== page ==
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OpEdNews Op Eds    H1'ed 2/18/19

Worshipping the Electronic Image

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Donald Trump, like much of the American public, is entranced by electronic images. He interprets reality through the distortions of digital media. His decisions, opinions, political positions, prejudices and sense of self are reflected back to him on screens. He views himself and the world around him as a vast television show with himself as the star. His primary concerns as president are his ratings, his popularity and his image. He is a creature -- maybe the poster child -- of the modern, post-literate culture, a culture that critics such as Marshall McLuhan, Daniel Boorstin, James W. Carey and Neil Postman warned us about.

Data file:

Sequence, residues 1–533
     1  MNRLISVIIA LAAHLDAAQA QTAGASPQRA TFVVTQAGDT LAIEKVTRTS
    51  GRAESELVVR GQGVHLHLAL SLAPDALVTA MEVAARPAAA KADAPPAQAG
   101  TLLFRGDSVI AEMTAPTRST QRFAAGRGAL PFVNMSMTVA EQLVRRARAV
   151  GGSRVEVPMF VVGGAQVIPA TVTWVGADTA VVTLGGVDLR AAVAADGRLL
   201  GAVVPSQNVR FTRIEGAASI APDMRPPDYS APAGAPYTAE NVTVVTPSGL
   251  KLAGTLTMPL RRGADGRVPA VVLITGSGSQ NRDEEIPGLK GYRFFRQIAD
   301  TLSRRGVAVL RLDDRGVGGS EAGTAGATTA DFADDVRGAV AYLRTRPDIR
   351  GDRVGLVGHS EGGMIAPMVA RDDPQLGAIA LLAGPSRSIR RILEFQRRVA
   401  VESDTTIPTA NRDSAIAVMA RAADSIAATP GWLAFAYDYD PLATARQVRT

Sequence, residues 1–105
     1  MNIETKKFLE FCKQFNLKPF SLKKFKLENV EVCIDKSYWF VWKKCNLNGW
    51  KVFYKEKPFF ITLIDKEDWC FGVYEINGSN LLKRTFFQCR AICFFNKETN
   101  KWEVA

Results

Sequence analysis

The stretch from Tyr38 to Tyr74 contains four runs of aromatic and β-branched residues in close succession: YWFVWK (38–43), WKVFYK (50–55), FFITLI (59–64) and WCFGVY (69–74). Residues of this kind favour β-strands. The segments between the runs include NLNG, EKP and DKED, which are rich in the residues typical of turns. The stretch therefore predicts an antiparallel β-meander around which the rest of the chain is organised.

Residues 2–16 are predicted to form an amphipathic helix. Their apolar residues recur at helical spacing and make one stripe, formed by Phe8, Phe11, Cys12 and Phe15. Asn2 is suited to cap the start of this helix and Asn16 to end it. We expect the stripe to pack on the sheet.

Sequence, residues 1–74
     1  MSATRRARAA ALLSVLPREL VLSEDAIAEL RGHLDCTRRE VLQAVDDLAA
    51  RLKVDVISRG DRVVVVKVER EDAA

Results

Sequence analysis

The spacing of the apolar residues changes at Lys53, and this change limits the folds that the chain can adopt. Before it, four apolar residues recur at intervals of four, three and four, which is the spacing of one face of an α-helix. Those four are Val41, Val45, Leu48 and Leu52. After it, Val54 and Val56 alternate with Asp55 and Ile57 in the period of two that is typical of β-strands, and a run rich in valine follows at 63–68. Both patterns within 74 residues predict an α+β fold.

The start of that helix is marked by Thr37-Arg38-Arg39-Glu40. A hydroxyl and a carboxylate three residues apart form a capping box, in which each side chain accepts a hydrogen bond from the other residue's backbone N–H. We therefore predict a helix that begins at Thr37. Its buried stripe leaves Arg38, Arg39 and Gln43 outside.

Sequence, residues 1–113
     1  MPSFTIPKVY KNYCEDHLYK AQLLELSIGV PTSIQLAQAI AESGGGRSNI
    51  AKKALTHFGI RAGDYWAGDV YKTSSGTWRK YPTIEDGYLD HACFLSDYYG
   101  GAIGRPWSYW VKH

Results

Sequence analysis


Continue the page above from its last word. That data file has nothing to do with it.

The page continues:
It is not, as some have suggested, merely that Trump speaks at the level of a seventh-grader or that he harkens back to a preliterate oral culture. He embodies the incoherence of the modern digital age, filled with sudden shifts from subject to subject, a roller-coaster ride of emotional highs and lows punctuated with commercials. There is nonstop stimulation. Seldom does anything occupy our attention for more than a few seconds. Nothing has context. Images overwhelm words. We are perpetually confused, but always entertained. We barely remember what we saw or heard a few minutes earlier. This is by design of the elites who manipulate us.